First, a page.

After installing an update to Windows Update released around the time of the start of the push to make everyone “upgrade” to Windows 10 made it no longer alert me that important updates are available, I have to glance at the available updates at least once every few days myself in order to catch any important ones released outside the normal schedule. Well, when I did that yesterday, I noticed two new optional ones, released on May 17, one of them being KB3156417, which when I checked I noticed had the interesting title of “May 2016 update rollup for Windows 7 SP1 and Windows Server 2008 R2 SP1”.
That looked like something I should look into more, so I did just that last night, immediately finding plenty of articles and an official post which make it clear that, while it’s not called as such, it’s pretty much Service Pack 2, including nearly all updates released after Service Pack 1. There are some exceptions, and I see people confirming that the “Get Windows 10” nagware is fortunately among the updates not included, but I’m not seeing an actual list anywhere and that’s not the only one I don’t want on my computer, so I’ll be staying away from it at least until I’ll know more.
Then again, my list of hidden updates is quite short and I’m sure that, on top of many unnecessary but at least harmless ones, I installed at least a few I shouldn’t have since this push to “upgrade” started. For example, as I was searching now I stumbled into a forum thread containing a long list, while my list of hidden updates includes only the following, which I’ll list along with the reason why I chose to hide them. However, short as it is, I definitely do not want these updates to end up installed:
Related to “upgrading” to Windows 10: KB2952664, KB3021917, KB3035583, KB3123862
Adding telemetry: KB3068708, KB3075249 (*), KB3080149
Causing some fonts to become hard to read: KB2970228, KB3102429
(*) This seems to no longer be offered, as I have it on this list I keep but it doesn’t show up as either hidden or available. I’m not even completely sure I hid it, as I know I simply left it pending for a long time and there is a chance I added it to the list of updates to avoid but never actually hid it before it vanished, if that didn’t happen very recently.
In addition, on top of KB3156417 and KB3139923, which was the other one released recently, at the moment I have KB3118401, KB3133977 and KB3140245 still pending, the first one because it makes me a bit wary, the second because there is something that sometimes feels a bit unstable after multiple reboots within a day or so and that update has a double restart requirement, and the third because I’d need to edit the registry to take advantage of what it adds and then write down what to do in case I’ll need to do it again later and at the moment I’m not sure I’ll get any real benefits from it.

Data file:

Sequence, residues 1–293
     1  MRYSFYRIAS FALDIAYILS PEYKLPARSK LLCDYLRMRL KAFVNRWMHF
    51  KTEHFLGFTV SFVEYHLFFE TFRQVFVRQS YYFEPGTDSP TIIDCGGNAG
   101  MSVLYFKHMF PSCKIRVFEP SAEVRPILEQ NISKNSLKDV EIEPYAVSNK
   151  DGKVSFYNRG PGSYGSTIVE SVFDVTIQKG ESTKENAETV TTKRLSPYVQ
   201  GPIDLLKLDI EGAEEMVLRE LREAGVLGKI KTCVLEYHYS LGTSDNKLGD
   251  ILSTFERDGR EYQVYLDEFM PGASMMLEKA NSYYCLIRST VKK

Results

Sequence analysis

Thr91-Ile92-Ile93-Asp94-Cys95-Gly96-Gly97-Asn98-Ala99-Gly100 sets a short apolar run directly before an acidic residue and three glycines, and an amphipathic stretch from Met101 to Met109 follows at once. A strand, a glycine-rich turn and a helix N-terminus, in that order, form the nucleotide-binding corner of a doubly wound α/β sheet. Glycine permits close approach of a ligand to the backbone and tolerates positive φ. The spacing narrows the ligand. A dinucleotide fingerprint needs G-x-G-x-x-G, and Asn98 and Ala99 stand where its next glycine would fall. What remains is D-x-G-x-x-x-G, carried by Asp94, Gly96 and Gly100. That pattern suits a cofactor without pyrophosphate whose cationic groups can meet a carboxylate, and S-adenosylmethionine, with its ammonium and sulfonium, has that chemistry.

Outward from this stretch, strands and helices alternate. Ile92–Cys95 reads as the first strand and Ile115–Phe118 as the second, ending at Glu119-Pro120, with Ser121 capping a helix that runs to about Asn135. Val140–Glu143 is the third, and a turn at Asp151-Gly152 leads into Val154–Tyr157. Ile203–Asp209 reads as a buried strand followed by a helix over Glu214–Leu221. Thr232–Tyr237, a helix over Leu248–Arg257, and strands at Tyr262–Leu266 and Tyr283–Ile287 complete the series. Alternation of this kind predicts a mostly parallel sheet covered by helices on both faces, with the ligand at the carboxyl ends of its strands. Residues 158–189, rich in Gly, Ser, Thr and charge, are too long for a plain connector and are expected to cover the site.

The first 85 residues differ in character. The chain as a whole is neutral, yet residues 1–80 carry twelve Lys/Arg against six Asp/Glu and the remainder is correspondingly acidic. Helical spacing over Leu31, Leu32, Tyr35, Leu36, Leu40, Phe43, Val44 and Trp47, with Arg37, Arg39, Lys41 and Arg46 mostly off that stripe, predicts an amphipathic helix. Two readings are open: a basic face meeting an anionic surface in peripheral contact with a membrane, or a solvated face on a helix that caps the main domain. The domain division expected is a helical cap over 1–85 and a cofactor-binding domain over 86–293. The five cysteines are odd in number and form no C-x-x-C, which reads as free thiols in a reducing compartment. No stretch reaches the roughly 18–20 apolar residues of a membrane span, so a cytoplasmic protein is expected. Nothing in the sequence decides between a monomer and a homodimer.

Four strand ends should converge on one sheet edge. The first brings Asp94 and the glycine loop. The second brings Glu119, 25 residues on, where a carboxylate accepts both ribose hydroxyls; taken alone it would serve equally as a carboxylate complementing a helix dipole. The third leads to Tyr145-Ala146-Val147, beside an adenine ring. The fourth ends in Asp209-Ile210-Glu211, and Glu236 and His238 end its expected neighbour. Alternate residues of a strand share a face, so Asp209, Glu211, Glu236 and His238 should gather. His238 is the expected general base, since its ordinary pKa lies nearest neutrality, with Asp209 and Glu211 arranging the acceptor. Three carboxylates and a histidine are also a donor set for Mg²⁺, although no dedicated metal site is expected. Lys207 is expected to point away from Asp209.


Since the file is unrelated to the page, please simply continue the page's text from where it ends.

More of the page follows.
But now we get to the worse problem: If you keep reading that official announcement, or the articles mentioning this development, you’ll notice that this sort of bundle will be the method of releasing non-security updates from now on, as only the security updates will continue to be released separately while everything else will be available as a single monthly bundle. It is of course “sold” as a way to simplify the process and improve compatibility, but it’s obviously the latest in the series of methods to force users who stay away from the newer version of Windows, in large part just in order to avoid these things, to install undesired updates, starting with telemetry, possibly more ways to push Windows 10, and who knows what else, including those that they simply know will cause them problems. And this comes just at the end of the free Windows 10 “upgrade” period, so people who’ll want a way out of whatever will happen to their systems will need to pay for what may unfortunately quickly become a slightly lesser evil.
There’s also something there about updates no longer being available to manually download from the Microsoft Download Center, but only from the Microsoft Update Catalog, which is an old and, from what I gather, largely abandoned function that requires installing an ActiveX control, and therefore also using Internet Explorer, in order to use. There are promises that the Catalog will be updated in the next few months to remove the ActiveX requirement and therefore also allow the use of other browsers, but it’s definitely a bad practice to first require the use of something and only later develop it, which again makes me suspicious of the motives behind the move.
Either way, the main point of this post is to raise another alarm over these bundles of non-security updates that will be the only way to obtain said updates from now on, and which are certain to also include those people specifically want to avoid. As such, I guess the standard recommendation from now on will be to not install any of them, as they may even make some other methods of avoiding some of the undesirable consequences obsolete, and perhaps if you find yourself needing an included patch to try to find a way extract it individually from the package or find it posted separately somewhere by someone who did extract it, assuming you trust the source.